The contact with small, rural farming operations provides opportunities for a very different kind of relationship between producer and researcher. There is a feeling of deep mutual respect. This is what is so significant about participatory research. A farmer told Basil, “Before, we only ever got help from scientists when they were writing their papers for school. They treated us poorly and only ever told us what we needed to do, never asking us what we needed help with.” We witnessed scientists encouraging producers to make sure their children went to school. The INIA researchers were always greeted more like family than professional associates. We also witnessed our friends at INIA spreading awareness about the opportunities that farmers have to organize to meet their needs. When one farmer complained about his irrigation difficulties, Angelica told him that he could get together with other farmers in the region, form a communal council[7] and apply for money to install more advanced irrigation infrastructure. After giving farmers seeds, Angelica explained that she wouldn’t give them anymore because the farmers need to be independent and claim the knowledge INIA is providing, like seed saving, as their own. This is in contrast to agricultural production since the Green Revolution, where seeds have been developed to terminate after a season, thus forcing farmers to rely on corporations like Monsanto to buy new seeds every year.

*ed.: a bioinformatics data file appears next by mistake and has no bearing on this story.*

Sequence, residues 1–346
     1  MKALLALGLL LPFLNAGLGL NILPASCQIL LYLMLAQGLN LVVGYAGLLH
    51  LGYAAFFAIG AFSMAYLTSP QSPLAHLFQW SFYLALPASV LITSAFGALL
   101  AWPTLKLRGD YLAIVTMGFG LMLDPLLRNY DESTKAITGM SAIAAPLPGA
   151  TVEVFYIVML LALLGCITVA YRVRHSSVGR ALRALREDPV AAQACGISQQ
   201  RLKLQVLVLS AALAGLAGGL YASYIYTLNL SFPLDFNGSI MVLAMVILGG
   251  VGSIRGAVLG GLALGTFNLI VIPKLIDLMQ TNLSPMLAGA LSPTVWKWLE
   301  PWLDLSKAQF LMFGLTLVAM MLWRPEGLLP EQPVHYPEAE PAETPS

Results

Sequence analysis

Anna met another team in the Merida office who was experimenting with a bacterium, as an ecological alternative to chemicals, to eliminate a butterfly larva that was killing the corn and cruciferous crop in the area. Another man named Javier was working with a strand of mushrooms called trichodherma harziaunum to kill mushrooms that were destroying broccoli, cauliflower, and potato crops.

3. Food Factories

Just as with land takeovers, there has been much organizing to take over important points of food production and distribution. We visited the town of Barlovento where family cooperatives grew cacao. The producers in the area understood that they were losing profit: they sold their cacao on the world market as a raw product and they bought back chocolate bars, the finished product, at a 100% price increase. They realized the importance of endogenous development and in 2004, the communal council[8] made a proposal to the government to build a cacao processing factory. The government approved the proposal and built a state of the art processing plant. The government and the communal council each owns 50% of the plant; however, the communal council has complete control over how the plant functions. The government can’t tell them what to do except to demand productivity. The people of Barlovento are descendents of Africans who escaped the bondage of slavery. Their shared heritage has created a close-knit community. The people who work as farmers are often family members of those who work in the factory, and some people may do both. Because of this, there is close cooperation between the farms and the factory. Cacao is bought from small and medium farms at a fair price and surplus realized from factory production is reinvested in the whole system (from farming to processing) or divided equally between the farmers and factory workers. Another example is the factory of the Italian multinational company Parmalat. When they abandoned their milk plant, the Venezuelan government bought it from them for $372 million. It is another example of a “socialist” producer supported by the CVA. It has the capacity to produce 1 million liters of milk per day, but currently, is only operating at 6% of its capacity.[9]